Following Joanna Sofaer, Julie Wesp speaks of “incorporation”, literally the corporealization of experience. The developmental history of each living being is a product of a complex interplay of biological potential and environmental and historical experiences. Occupational stress markers illustrate the way that repetitive practices– gender performance, in Judith Butler’s terms, or bodily hexis, in Pierre Bourdieu’s– leave their distinctive traces, creating bodies that are not only shaped differently but lived distinctly.

Wesp also argues that we need to include in analyses skeletal remains that might otherwise be excluded as ambiguous in terms of a two sex model. Sandra Holliman reminds us that the recognition of genders that are less common in ethnographic populations can only take place archaeologically if we allow for the possibility of diverse performances of gender within what we have always treated biologically as a single sex.

Pamela Geller argues that using ancient DNA to assign gender needs to be considered as an ethical challenge. We know that chromosomal sex is no single binary– but will we resist the urge to lump variability into two categories, as abnormal or deviant variants, rather than consider the reality that some of the ancient remains we study come from societies that did not impose a binary grid on sex? Because we have the power to naturalize overly simplistic accounts of bodily difference that affect people’s lives today, we must take responsibility by resisting the desire to over-simplify.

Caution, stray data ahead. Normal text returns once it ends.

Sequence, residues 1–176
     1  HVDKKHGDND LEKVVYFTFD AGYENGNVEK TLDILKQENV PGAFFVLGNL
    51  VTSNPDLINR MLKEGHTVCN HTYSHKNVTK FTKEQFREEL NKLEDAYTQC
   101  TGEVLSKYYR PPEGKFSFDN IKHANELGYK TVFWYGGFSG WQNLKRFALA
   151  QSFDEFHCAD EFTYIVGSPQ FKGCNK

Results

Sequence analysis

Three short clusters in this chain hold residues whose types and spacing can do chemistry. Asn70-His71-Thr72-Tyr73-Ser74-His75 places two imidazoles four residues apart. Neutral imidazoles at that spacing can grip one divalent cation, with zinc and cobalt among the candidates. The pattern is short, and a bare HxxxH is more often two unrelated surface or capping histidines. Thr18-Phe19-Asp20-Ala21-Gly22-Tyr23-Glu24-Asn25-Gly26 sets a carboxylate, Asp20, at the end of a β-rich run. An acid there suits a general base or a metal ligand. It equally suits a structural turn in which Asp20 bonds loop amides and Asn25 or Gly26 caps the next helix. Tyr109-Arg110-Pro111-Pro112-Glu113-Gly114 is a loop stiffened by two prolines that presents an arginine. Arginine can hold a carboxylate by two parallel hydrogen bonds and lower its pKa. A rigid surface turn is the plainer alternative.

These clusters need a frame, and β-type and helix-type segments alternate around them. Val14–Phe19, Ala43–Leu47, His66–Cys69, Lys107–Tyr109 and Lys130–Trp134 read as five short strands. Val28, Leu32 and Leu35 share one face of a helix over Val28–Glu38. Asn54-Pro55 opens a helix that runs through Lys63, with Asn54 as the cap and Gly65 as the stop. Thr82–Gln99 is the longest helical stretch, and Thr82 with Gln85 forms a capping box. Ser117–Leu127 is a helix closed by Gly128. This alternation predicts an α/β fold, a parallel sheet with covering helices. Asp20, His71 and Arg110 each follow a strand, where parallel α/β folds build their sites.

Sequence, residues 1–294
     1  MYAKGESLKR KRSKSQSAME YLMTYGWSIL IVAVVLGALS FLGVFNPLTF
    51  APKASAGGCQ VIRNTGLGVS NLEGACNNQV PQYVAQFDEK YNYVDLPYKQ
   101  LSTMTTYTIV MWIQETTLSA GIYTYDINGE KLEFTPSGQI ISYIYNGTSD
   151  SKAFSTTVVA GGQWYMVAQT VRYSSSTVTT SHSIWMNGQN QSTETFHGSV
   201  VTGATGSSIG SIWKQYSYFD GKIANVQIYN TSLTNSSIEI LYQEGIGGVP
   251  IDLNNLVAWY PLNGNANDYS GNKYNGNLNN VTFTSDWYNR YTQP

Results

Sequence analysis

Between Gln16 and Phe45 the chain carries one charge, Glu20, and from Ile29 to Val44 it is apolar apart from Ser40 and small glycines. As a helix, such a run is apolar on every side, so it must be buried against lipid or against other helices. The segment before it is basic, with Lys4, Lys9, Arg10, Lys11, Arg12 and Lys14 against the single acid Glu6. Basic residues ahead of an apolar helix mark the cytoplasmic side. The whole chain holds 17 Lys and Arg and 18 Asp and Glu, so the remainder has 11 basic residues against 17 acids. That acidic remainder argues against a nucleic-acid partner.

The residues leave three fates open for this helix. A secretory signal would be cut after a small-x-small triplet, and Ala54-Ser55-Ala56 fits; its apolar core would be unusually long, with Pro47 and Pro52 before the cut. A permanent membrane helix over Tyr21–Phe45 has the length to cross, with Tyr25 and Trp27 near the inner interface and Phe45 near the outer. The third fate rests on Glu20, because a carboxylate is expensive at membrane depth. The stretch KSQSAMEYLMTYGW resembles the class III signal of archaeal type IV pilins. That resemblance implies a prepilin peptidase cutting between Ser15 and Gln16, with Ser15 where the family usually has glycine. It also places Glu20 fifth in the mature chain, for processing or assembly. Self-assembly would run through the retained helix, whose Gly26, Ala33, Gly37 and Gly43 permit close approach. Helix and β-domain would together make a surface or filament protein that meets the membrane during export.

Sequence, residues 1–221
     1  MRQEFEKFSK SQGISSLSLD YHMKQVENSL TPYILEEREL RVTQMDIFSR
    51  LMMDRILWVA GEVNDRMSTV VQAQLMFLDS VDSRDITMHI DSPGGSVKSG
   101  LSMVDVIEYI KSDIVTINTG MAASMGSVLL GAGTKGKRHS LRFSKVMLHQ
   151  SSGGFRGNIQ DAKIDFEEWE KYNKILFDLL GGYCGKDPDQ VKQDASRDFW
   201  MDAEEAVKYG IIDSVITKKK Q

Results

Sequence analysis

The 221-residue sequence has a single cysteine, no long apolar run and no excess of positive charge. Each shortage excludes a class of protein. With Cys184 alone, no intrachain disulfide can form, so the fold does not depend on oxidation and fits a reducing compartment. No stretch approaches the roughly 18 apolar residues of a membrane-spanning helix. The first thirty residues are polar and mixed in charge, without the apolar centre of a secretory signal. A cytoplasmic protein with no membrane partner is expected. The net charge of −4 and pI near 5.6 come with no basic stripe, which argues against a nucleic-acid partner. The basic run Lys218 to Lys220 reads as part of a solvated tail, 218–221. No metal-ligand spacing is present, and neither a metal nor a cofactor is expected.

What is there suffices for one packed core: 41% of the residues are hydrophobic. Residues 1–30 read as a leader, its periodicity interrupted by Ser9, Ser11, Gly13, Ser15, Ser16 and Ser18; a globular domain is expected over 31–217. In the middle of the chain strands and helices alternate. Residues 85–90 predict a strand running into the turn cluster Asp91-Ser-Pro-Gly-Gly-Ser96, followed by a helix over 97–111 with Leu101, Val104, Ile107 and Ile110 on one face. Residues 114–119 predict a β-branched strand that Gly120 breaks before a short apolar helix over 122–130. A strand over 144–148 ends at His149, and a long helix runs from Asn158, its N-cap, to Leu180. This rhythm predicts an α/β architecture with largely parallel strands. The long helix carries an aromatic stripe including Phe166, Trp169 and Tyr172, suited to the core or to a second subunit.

Joanna Sofaer rethinks the procedures of bioarchaeology as a kind of performance, through which by physically following scripts, the analyst learns to reproduce a tactile tracery of identification. If, as she has demonstrated, we do not as modern analysts visually inspect and come to disengaged judgments of bodily sex, age, or pathology, how much more might we want to consider that the people whose bodies we are engaged with might not have based their understanding of embodied lives strictly, solely, or primarily on the visual display of difference?

I want to insist that embodied sexuality be seen in terms of, among other things, the way bodies fit together, what I have elsewhere called performances of identification and disidentification, mediated by sexual encounters. If there is one thing I still see missing in bioarchaeology of sex and gender it is consideration of the body as an instrument of desire and pleasure, experiences that are not inconsequential for physicality as humans shape crania, modify teeth, feet, or rib cage, and manipulate body weight for ideals of beauty.

Still, we are witnessing the consolidation of a new bioarchaeology at the beginning of the 21st century, with a combination of mature research that results from decades of robust empirical studies, informed by new research questions about difference and how it is registered in the human body, and the perspectives of second- and even third-generation students encouraged to view human skeletal remains as points of connection to irreducible differences.